Other Forms of Neuromodulation

TNS (Trigiminal Nerve Stimulation) demonstration of the handheld device by Dr Mohamed Abdelghani at London TMS Centre

TMS is a form of non-invasive neuromodulation. Other forms of neuromodulation are also available in our centre and some of them are building strong evidence in scientific research to support their use in clinical practice in some cases.

At London TMS Centre we are passionate about exploring all forms of treatments and different neuromodulation modalities that can help our patients to recover and regain control of their lives.

However, it is important to know that none of these other forms of non-invasive neuromodulation has the same level of strong evidence to support it if compared to TMS. In other words none of these neuromodulation techniques is in the same league as TMS.

Our promise in London TMS Centre is that our experts will always discuss honestly and openly with you the pros and cons of these different techniques in order to help you to make an informed decision about your treatment.

Other neuromodulation treatment modalities available at our centre are:

VNS (Vagus Nerve Stimulation)

Dyad Medical is proud to be the first private clinic in the UK to offer VNS to patients suffering with depression.

VNS received the European CE Mark in 2003 as treatment for Treatment Resistant Depression (TRD). In the USA the FDA cleared the first VNS device for the treatment of recurrent or chronic depression in 2005.

VNS is an invasive neuromodulation treatment modality. Treatment with VNS involves having a surgical procedure. During the surgery a pacemaker-like device is implanted in the patient’s left upper chest wall.  The device is connected to the left vagus nerve in the neck.

The exact mechanism of action of VNS is not fully known. However, because of how the vagus nerve is connected to different parts of the brain by stimulating the vagus nerve we can alter some chemicals in the brain. Such as, increasing noradrenergic and serotonergic neurotransmission both of which are involved in depression.

The safety of using VNS has been well established for years given that it is a recommended treatment for epilepsy with more than half a million patients implanted with the device.

In Dyad Medical we have formed a collaboration with one of the top neurosurgical teams in the UK. Our VNS will have their surgeries done at The London Clinic under supervision of Dr Erlick Pereira (Consultant Neurosurgeon).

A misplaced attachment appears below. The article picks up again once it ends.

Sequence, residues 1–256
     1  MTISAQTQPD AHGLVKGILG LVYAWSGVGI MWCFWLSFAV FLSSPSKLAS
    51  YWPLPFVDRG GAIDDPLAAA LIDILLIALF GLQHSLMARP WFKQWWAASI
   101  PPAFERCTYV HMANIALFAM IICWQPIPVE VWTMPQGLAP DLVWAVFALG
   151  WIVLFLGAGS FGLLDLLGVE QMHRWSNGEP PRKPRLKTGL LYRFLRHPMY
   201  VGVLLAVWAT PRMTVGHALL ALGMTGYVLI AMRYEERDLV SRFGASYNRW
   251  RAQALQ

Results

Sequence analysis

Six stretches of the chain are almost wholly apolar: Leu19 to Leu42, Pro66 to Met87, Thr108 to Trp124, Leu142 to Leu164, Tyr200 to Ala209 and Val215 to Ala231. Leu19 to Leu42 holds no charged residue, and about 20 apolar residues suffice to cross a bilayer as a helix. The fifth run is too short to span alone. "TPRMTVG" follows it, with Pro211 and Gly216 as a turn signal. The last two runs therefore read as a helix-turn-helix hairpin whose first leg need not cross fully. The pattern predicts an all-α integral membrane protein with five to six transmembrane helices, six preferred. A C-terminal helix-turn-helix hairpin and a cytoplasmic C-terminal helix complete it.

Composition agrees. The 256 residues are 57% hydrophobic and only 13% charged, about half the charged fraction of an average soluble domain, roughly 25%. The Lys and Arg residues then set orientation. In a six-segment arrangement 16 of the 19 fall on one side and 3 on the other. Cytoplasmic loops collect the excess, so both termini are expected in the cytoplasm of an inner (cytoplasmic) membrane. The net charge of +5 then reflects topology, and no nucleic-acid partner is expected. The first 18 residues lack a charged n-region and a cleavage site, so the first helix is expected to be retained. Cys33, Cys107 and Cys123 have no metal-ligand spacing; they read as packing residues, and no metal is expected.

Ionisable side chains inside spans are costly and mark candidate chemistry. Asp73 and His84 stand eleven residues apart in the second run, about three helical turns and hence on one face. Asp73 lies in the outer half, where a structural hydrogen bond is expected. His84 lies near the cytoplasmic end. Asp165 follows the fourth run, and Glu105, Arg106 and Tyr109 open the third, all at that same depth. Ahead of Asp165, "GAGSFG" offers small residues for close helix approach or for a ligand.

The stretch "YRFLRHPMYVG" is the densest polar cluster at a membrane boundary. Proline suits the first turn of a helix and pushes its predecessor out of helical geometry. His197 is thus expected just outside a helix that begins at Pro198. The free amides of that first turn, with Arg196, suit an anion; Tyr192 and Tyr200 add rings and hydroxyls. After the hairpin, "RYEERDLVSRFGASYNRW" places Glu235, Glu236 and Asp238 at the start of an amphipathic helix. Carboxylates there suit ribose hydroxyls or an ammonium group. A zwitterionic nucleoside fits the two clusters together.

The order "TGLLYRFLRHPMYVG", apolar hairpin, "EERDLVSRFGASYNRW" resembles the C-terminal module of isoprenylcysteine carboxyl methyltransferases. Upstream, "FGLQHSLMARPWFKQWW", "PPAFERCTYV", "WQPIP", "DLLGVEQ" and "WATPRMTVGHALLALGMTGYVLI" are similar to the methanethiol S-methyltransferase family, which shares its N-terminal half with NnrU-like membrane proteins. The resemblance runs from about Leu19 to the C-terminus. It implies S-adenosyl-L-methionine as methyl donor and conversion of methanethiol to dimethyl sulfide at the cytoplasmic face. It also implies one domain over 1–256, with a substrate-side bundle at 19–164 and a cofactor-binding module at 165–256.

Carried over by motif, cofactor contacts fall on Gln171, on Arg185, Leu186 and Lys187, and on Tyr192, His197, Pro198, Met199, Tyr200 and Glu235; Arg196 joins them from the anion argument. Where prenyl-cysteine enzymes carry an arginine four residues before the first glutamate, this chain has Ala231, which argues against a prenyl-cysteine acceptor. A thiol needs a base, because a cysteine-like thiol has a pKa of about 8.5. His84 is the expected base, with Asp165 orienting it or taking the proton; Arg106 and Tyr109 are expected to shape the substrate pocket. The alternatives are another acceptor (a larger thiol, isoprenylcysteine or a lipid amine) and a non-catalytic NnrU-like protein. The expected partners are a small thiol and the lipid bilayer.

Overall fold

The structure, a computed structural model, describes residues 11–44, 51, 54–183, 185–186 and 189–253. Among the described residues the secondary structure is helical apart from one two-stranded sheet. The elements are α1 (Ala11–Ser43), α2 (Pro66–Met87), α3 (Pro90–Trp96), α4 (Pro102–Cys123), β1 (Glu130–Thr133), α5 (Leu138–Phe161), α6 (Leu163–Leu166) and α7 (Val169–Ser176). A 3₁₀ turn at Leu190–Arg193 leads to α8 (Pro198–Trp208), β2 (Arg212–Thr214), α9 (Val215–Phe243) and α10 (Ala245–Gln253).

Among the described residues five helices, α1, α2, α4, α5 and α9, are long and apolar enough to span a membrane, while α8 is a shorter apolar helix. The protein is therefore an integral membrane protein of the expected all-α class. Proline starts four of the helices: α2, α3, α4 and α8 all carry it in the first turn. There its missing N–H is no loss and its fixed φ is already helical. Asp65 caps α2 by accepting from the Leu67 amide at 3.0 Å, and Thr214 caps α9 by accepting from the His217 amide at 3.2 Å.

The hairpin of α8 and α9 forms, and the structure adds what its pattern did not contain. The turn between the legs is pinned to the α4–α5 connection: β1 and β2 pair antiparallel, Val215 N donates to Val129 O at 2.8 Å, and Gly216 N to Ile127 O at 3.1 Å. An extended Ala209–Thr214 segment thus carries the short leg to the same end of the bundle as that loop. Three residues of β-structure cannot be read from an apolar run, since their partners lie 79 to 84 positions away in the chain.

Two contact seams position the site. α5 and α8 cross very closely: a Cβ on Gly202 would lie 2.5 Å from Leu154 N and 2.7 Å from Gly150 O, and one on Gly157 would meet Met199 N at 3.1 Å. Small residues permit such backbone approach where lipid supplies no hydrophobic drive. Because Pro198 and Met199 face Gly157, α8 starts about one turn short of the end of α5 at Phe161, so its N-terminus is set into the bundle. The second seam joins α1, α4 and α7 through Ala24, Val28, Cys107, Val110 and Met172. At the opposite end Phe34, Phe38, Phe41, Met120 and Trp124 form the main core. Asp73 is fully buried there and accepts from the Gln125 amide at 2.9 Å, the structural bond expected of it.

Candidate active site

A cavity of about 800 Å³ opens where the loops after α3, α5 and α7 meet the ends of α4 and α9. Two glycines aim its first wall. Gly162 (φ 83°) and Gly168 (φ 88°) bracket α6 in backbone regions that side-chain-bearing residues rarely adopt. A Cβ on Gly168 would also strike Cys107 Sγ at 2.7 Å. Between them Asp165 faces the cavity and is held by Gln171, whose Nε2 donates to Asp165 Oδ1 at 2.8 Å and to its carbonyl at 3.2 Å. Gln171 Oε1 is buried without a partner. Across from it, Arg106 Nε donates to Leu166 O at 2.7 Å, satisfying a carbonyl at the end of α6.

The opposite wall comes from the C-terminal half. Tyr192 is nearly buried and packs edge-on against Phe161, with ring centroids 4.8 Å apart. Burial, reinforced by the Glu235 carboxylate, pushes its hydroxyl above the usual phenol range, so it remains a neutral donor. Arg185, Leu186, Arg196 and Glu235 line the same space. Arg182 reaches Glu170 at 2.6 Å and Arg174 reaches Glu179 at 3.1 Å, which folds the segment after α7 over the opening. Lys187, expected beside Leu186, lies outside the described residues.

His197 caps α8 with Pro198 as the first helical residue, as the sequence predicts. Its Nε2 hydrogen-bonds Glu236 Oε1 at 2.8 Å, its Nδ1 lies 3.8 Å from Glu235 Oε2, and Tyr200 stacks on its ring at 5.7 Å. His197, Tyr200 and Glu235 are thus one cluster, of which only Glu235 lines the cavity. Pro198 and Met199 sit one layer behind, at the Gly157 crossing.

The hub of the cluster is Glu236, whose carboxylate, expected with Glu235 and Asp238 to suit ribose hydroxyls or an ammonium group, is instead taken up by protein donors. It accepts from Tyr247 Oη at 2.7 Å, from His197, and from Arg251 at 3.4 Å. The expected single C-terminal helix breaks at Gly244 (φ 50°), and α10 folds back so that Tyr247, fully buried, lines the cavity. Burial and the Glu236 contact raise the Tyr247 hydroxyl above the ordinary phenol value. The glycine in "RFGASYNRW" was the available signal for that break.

Our Consultant Psychiatrists will be happy to discuss the pros and cons of VNS and if it is the right treatment for you.

TNS (Trigiminal Nerve Stimulation)

TNS is a non-invasive form of neuromodulation. It uses a handheld device (Monarch®) that individuals can use at home. The device is connected with thin wires to an adhesive patch that is placed over the patient’s forehead. Patients are usually advised to have the stimulation from the device for 8 hours during sleep.

Monarch® device received the European CE Mark in November 2015 and FDA clearance in April 2019 as a medical device for the treatment of paediatric ADHD.

TNS has been tested as a possible treatment for a number of psychiatric and neurological conditions, such as, depression, Attention Deficit Hyperactivity Disorder (ADHD), Post Traumatic Stress Disorder (PTSD), epilepsy and Traumatic Brain Injury (TBI).

Some of these studies showed very good and promising clinical results in treating mental health conditions such as; depression and ADHD.

Dr Abdelghani has experience in using TNS and he was one of the first Psychiatrists to introduce this new treatment modality to patients in the UK.

Flow (tDCS – transcranial Direct Current Stimulation)

tDCS is a non-invasive and non-pharmacological form of neurostimulation. The Flow tDCS device is Bluetooth controlled and managed through the Flow depression app. It is available through a medical device that can be used at home. The flow headset has European CE mark.

tDCS has been used in research settings for a number of years. Results of some of these studies are quite promising and indicates that tDCS can be a possible treatment option for patients suffering with depression.

tDCS works by delivering a weak direct electrical current to specific areas of brain via electrodes placed on the scalp. It helps the cortex of the brain become more easily excited.

Dr Abdelghani is happy to discuss with patients the pros and cons of different neuromodulation treatment modalities, including Flow tDCS.

lady using flow tDCS bluetooth device to manage depression at home

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London TMS Centre

100 Harley Street
London
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